The Agency believes that there are no labeling requirements that could reliably reduce exposure to acceptable levels either in the occupational or residential setting. Labels for CCA and ACC products have required placement of tags on wood in an attempt to provide some information to end users. However, they may not always be put on the treated wood, they can fall off, their current limited size could preclude the inclusion of detailed safety information, and there is no evidence that users pay any attention to them. Respirators are not considered a feasible mitigation measure for do-it-yourself residents. While some contractors might be able to correctly use this equipment, it is not likely that they regularly use such personal protective equipment.
Holding periods are the primary option that has been considered to mitigate residential risks. A holding period would require wood treaters to hold treated wood for a designated period of time before allowing the wood to move in commerce. While a product label could require a holding period, the Agency does not believe that such a requirement would likely be practical or effective to mitigate risk for the highest exposure scenarios (more than 23 days to more than 36 days). The typical turnover of treated wood in the marketplace results in treated wood leaving the treatment site and entering retail outlets within as little as seven days of treatment. Issues include:
- Cost of carrying inventory
- Size of storage facilities needed and cost of construction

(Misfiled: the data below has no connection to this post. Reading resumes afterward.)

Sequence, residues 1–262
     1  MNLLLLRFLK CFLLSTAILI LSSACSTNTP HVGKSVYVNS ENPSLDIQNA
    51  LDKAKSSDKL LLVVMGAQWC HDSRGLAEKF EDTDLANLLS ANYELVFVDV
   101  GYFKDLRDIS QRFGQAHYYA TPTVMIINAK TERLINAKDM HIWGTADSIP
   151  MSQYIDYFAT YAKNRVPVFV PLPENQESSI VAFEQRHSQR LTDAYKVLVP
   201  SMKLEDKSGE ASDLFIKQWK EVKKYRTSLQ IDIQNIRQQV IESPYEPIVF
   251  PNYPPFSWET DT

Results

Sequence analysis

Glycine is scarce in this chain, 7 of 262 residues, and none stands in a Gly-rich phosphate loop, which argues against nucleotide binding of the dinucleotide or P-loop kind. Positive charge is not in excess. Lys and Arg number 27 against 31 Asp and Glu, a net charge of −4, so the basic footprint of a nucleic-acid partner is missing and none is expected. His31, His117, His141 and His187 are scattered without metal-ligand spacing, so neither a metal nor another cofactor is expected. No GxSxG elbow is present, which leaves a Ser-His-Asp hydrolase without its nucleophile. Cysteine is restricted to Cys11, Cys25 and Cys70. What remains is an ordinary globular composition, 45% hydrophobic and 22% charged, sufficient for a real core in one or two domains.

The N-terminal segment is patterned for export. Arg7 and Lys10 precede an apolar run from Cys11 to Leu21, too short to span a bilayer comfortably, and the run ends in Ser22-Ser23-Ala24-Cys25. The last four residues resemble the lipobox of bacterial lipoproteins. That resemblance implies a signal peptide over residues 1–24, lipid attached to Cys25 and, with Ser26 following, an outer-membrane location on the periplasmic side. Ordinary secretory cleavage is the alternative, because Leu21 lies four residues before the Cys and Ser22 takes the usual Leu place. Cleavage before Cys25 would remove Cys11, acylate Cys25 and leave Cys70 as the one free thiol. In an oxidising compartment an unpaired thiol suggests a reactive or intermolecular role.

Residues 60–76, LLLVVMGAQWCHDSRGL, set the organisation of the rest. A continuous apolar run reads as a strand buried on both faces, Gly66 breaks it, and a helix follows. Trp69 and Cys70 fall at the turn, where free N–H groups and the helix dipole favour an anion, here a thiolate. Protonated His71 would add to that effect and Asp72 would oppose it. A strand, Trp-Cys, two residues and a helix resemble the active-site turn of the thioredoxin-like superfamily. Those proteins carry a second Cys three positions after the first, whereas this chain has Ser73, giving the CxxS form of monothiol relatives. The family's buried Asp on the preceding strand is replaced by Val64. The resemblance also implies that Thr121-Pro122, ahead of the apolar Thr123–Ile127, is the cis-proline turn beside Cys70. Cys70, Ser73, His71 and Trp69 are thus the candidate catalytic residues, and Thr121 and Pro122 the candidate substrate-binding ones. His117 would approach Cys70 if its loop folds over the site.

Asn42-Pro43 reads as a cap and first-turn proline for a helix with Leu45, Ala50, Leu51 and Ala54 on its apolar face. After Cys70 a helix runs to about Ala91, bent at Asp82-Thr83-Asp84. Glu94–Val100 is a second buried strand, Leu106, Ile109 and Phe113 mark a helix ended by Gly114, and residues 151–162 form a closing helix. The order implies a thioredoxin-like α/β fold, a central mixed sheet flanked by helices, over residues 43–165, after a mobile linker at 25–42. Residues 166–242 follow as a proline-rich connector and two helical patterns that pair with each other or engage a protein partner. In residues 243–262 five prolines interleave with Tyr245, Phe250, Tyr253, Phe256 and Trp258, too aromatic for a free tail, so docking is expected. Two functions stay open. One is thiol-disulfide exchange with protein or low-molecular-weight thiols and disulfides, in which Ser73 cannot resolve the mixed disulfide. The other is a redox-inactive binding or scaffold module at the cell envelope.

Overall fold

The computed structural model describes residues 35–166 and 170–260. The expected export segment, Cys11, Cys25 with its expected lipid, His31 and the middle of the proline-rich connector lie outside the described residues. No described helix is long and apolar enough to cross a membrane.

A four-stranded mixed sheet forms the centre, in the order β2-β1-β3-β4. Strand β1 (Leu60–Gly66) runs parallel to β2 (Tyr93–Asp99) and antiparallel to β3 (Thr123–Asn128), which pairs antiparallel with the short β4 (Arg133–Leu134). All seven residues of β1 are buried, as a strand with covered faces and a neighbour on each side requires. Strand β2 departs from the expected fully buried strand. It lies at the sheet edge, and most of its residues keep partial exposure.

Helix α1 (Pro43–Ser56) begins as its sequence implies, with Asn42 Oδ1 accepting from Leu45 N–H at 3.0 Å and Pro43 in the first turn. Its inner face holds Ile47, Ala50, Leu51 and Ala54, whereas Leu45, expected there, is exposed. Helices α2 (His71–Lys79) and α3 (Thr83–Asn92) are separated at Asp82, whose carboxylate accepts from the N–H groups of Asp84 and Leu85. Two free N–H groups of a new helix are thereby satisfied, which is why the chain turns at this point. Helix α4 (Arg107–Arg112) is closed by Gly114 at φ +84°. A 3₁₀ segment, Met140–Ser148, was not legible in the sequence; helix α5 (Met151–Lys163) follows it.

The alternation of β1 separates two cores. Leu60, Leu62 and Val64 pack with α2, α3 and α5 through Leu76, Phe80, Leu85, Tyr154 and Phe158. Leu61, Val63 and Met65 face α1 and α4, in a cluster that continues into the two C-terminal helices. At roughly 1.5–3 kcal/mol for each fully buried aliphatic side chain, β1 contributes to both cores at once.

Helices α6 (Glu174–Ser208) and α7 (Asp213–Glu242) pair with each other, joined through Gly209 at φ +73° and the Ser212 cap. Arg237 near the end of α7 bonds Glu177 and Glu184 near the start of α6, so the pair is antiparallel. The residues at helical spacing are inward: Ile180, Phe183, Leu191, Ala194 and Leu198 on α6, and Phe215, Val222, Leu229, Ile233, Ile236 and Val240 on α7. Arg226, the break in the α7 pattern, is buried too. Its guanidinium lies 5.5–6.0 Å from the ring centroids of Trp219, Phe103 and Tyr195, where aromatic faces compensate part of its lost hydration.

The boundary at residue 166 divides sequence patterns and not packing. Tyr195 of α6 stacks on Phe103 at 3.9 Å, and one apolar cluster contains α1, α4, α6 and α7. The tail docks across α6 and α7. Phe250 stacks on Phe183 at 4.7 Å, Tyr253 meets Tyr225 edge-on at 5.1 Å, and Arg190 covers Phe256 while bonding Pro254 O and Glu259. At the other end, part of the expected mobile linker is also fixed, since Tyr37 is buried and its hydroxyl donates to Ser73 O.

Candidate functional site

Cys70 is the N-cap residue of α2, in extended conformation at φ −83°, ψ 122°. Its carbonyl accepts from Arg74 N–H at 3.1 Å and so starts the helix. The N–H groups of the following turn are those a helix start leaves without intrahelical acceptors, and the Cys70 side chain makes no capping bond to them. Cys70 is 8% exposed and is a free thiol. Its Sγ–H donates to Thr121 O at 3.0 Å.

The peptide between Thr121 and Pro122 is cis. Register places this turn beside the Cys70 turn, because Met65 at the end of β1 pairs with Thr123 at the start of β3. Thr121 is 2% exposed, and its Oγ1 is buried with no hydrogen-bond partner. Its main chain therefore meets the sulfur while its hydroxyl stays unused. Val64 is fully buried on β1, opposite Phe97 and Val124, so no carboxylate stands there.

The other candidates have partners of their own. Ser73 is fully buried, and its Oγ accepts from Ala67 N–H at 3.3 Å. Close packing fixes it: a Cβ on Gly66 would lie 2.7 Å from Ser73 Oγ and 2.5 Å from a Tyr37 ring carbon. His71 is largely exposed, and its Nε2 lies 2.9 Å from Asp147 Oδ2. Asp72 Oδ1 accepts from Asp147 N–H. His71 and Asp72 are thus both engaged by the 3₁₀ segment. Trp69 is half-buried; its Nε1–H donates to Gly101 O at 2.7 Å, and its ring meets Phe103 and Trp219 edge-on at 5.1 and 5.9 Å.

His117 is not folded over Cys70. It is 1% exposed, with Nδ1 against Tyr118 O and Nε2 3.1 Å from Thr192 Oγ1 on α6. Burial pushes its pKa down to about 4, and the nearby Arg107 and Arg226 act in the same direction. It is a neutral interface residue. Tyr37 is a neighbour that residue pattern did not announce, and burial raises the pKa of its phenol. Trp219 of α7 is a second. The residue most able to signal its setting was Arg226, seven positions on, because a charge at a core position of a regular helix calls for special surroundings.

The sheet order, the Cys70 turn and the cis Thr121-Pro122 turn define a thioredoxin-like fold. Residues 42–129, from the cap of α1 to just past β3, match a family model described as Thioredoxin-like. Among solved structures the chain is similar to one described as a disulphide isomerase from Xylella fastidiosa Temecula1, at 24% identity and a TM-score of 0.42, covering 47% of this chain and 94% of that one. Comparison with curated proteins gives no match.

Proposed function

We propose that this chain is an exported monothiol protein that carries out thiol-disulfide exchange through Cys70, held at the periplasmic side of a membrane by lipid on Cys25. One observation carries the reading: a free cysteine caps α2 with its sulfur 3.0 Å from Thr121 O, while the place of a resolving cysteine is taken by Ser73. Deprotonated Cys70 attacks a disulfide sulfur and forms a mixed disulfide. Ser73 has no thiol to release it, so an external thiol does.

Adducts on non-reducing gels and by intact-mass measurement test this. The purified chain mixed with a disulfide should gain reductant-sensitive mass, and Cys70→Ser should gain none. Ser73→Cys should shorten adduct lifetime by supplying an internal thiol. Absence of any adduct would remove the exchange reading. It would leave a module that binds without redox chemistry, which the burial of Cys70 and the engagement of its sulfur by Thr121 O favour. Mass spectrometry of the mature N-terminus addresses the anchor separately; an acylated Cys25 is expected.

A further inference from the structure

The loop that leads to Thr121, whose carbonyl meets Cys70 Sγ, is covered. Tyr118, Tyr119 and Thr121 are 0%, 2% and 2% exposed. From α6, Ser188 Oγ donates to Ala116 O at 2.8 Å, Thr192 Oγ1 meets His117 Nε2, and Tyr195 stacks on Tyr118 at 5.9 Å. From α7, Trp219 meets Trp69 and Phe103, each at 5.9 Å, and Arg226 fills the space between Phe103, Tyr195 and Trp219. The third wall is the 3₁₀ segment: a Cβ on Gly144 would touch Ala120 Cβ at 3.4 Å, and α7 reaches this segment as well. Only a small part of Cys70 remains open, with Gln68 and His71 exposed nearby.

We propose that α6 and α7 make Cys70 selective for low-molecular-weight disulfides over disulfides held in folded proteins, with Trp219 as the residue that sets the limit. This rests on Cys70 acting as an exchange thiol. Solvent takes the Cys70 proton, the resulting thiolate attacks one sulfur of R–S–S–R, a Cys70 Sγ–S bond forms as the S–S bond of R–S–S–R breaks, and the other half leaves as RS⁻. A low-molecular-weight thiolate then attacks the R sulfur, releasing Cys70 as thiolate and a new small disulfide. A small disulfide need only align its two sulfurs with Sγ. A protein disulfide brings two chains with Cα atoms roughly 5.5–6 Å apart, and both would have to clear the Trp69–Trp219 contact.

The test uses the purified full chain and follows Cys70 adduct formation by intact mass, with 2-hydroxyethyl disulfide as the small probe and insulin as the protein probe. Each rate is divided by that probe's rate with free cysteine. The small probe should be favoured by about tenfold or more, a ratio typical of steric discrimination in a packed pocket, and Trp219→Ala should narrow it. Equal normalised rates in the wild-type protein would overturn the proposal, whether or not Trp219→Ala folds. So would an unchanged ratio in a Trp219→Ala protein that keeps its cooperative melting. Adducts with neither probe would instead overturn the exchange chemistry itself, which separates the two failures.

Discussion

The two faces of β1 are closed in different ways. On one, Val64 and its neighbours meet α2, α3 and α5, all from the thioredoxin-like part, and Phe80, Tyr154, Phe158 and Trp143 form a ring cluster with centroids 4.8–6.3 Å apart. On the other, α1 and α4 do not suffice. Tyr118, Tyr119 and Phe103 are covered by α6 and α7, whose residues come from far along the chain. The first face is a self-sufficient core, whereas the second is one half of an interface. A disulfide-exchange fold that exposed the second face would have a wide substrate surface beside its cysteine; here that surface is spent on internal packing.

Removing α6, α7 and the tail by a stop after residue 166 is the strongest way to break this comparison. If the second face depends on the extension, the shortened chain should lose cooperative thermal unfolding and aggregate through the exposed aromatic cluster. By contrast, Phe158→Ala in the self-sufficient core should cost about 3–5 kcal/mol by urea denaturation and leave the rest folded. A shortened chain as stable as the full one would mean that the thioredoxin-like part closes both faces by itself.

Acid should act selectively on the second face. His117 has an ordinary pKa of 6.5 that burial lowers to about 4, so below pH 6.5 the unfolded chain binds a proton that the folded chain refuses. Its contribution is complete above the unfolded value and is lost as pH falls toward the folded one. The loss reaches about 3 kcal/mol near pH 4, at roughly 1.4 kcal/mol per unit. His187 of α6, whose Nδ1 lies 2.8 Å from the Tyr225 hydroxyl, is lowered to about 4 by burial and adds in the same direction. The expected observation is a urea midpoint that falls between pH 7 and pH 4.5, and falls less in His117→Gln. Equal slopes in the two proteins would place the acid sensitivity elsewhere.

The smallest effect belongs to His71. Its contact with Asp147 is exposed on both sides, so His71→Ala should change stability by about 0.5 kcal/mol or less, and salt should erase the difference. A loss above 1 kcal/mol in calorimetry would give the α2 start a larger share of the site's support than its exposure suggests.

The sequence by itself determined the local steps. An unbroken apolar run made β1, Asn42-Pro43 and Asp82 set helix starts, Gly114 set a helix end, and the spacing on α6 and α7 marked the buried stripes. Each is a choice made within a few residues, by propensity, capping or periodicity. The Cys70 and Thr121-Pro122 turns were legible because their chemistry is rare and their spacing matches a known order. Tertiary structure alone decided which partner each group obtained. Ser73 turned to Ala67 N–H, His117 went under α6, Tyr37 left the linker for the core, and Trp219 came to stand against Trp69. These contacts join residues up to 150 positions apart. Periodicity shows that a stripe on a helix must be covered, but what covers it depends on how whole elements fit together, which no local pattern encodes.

- Existence of treatment-service-only operations that do not buy wood but simply treat wood for an outside customer, generally with minimal holding periods.
Thus, the Agency believes that requiring holding periods would be in direct conflict with customary practice in the industry, creating an inherent conflict that would likely present serious challenges to compliance with a holding period requirement. There may also be difficulties in establishing an enforceable method for ensuring that wood would not be available before the prescribed holding period had elapsed and thus ensuring that wood would not reach consumers before the hexavalent chromium was reduced to acceptable levels. If holding periods were observed, it would likely add to the price of ACC-treated wood.
Another possible mitigation measure is that treated wood could be heated by processes such as kiln drying before shipment to accelerate the chromium conversion process. However, heating the wood would be an expensive added process step and could present compliance and enforcement challenges not unlike those that would be expected for holding periods.
Benefits Related to ACC
Registration of pesticides under the Federal Insecticide Fungicide, and Rodenticide Act (FIFRA) requires EPA to consider both risks and benefits. Currently, at least eight chemical wood preservatives are registered for use in the residential lumber and timber market. These include ACQ-C and D, copper azole -A and B, copper naphthenate, copper citrates, copper dimethyldithiocarbamate, copper-HDO, and polymeric betaine. Of these chemicals, ACQ currently is the most widely used wood preservative for residential applications. It also has relatively low risks, based on its components of copper and quaternary ammonium compounds.
EPA considered the cost of treatment of wood using ACC versus available alternatives, the use of wood such as redwood and cedar, as well as the use of non-wood alternative materials such as plastics. The cost of treated wood for a deck between ACC and ACQ is very similar. Other materials would be more expensive. However, the analysis did not take into account any potential cost of a required holding period before sales of ACC-treated wood or additional cost associated with hazardous waste disposal.
Based on the weight of the evidence, EPA concludes that the benefits of the use of ACC-treated wood for residential applications are minimal. Moreover, the likely costs to society of disposal of ACC-treated wood would exceed these benefits. The risks to workers and consumers that would be posed by widespread use of this chemical, if registered as proposed, far outweigh the benefits.
More about the disposal of Hazardous Waste.